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II) Electron-Impact Excitation out of the ground state of Atoms
B. Excitation of HeliumLet us now consider the simplest multi-electron atom, helium. By the Pauli exclusion principle, the two 1s electrons in the ground state of helium have opposite spins (S=0); thus the ground state of helium is a 11S. When one of the electrons is excited to a higher level, we no longer have identical nl electrons, so both spin pairings are allowed (S=0 and S=1). Since helium is a strongly LS-coupled atom, there are no electric-dipole allowed transitions between the seperate singlet (S=0) and triplet (S=1) systems of excited states.
Click here for a helium energy level diagram (GIF file: 500×600).
Excitation of singlet levels
As shown below, the excitation function for excitation into the n1P levels of helium is much different than the excitation functions for the n1S and n1D levels. The n1P excitation function is broader, with a peak at a higher energy.
This difference can be understood by considering the radiation field produced by the incident electron as it passes the target atom. The time average of the potential will have many different multipole expansion terms. The k=1 term is analogous to a dipole-allowed transitions, the k=2 to a quadrupole transitions, etc... Thus from the known rules for optical transitions:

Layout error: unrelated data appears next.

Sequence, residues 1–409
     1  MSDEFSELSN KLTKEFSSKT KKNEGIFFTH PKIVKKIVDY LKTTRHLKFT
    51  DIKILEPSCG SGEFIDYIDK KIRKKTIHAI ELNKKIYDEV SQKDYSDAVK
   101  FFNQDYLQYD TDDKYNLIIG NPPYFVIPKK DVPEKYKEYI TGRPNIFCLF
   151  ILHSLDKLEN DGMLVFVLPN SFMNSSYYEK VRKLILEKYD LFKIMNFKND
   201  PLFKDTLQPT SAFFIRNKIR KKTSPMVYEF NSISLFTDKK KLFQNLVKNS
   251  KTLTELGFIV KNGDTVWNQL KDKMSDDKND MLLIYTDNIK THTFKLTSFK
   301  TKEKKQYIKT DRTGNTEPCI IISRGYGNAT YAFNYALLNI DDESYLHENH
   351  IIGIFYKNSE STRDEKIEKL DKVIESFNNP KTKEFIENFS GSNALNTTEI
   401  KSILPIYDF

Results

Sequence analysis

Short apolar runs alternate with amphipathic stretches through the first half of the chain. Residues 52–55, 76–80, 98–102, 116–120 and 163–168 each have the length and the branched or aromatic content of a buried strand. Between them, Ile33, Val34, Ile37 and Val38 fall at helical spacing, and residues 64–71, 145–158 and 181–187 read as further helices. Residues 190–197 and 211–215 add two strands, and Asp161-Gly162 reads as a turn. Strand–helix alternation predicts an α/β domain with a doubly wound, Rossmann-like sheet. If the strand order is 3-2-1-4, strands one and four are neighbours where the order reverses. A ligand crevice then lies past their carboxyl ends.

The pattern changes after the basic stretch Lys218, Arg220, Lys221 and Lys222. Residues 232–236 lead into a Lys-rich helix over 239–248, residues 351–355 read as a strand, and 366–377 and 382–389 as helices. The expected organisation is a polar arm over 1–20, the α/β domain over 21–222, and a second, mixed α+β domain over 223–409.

Excitation of triplet levels
In comparison, all of the triplet excitation functions are very similar. All are sharply peaked, and decrease rapidly with increasing energy.
If we perform a multipole expansion, as in the case for excitation into the singlet states of helium, we now need to include the magnetic interaction terms needed to flip one of the target atom's electron spin. This process would predict cross sections much lower than those observed.
Instead, the dominant process in triplet excitation is exchange excitation: the incident electron is captured into an excited state, while one of the target atom's electrons is ejected.
The cross section will be large only if the incident e- spends enough time around the He atom, or is moving at a low velocity. Hence the peak at the lowest possible energy, and the rapid decrease with increasing energy/velocity.
Studies of Electron Excitation of Rare-Gas Atoms into and out of Metastable Levels using Optical and Laser Techniques Chun C. Lin, and L. W. Anderson, Adv. At. Mol. Opt. Phys. 29 (1991) 1-32.
|last updated: May-19-1997|